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The Colombian Executive issues new directive regulating arbitration clauses in government contracts

22 January 2015
In November 2014, the Colombian Executive, by way of Presidential Directive No. 4 of 2014, established new guidelines that government agencies need to follow to enter into arbitration agreements.

Key provisions include:

(a)    Arbitration agreements

To enter into an arbitration agreement, the contracting government agency must first issue an explicit decision containing a comprehensive analysis explaining why arbitral jurisdiction is more favorable than the domestic jurisdiction of administrative law courts in that particular case. Thus, every time that a government agency decides to enter into an arbitration agreement, the officers of such agency must include in the contract file, adequate documentation justifying the arbitration agreement.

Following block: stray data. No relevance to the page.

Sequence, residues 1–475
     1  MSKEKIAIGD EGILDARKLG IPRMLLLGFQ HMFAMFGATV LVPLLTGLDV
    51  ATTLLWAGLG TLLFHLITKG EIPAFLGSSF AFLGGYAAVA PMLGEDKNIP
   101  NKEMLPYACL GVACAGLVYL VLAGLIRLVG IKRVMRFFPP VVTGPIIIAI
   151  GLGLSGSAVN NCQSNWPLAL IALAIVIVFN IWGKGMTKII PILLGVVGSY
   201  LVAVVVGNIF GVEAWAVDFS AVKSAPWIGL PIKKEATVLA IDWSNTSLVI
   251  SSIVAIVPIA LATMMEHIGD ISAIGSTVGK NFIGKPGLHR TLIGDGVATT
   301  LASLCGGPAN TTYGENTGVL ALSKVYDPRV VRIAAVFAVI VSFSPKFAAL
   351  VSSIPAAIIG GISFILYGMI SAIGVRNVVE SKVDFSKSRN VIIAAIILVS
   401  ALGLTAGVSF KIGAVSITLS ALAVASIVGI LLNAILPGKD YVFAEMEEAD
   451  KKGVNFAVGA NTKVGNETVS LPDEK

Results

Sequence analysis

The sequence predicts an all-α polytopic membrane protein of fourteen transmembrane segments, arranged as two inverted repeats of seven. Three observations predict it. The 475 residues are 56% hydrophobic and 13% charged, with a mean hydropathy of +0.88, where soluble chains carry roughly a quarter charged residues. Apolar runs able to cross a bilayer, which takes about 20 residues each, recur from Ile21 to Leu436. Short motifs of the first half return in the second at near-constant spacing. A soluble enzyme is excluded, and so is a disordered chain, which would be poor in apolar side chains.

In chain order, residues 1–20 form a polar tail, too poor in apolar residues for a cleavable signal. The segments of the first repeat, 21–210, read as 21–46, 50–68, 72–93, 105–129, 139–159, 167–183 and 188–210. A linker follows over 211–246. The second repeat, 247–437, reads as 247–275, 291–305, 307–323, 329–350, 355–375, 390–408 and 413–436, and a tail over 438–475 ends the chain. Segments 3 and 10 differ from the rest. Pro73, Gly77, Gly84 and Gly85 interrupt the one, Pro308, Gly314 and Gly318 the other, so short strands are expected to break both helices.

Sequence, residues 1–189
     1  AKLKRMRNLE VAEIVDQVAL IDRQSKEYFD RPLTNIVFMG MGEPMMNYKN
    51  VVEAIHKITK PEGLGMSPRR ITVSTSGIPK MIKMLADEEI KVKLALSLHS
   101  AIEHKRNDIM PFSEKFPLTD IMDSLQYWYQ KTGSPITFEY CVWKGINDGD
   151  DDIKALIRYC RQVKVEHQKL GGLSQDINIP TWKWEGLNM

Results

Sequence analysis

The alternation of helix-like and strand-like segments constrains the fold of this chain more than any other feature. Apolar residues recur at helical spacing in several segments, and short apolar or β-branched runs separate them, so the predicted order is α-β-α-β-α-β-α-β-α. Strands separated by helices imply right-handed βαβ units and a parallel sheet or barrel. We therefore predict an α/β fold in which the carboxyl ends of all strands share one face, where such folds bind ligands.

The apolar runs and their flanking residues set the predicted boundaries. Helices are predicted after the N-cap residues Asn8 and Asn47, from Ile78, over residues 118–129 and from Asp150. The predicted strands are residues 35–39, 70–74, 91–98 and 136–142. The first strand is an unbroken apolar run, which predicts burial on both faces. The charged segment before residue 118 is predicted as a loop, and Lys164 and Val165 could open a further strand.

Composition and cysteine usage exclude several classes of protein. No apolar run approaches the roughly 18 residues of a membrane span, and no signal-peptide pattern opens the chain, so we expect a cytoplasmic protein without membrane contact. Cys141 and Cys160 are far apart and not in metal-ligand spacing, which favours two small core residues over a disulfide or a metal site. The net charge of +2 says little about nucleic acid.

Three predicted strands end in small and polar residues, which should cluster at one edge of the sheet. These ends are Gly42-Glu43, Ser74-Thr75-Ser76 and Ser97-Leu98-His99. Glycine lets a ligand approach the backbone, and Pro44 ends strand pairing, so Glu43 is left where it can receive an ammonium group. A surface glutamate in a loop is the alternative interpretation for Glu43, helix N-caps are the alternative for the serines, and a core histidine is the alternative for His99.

(b)    Appointment of arbitrators

To appoint arbitrators, the chief officers of the contracting agency must obtain the President’s approval by sending the list of potential arbitrators and the biographical information of each arbitrator to the President’s office with a summary of the arbitral process. The same process must be followed if an arbitrator needs to be replaced.

(c)    Disqualification of arbitrators

Under the new directive, no government agency is allowed to appoint as arbitrator any lawyer that acts as opposing counsel in any legal process against any government agency.

Although the effect of this directive is yet to be seen, its likely effect is that it will limit the use of arbitration agreements in Colombian government contracts. Indeed, the preamble to the directive establishes that the directive’s objective is to guarantee the judicial protection of the [Colombian] State’s interests. Since the directive does not distinguish between domestic and international arbitration, one of the possibilities is that foreign investors may be deterred from contracting with the Colombian State.

For further questions please contact Diego Perez Ara or Carlos Martinez-Betanzos.

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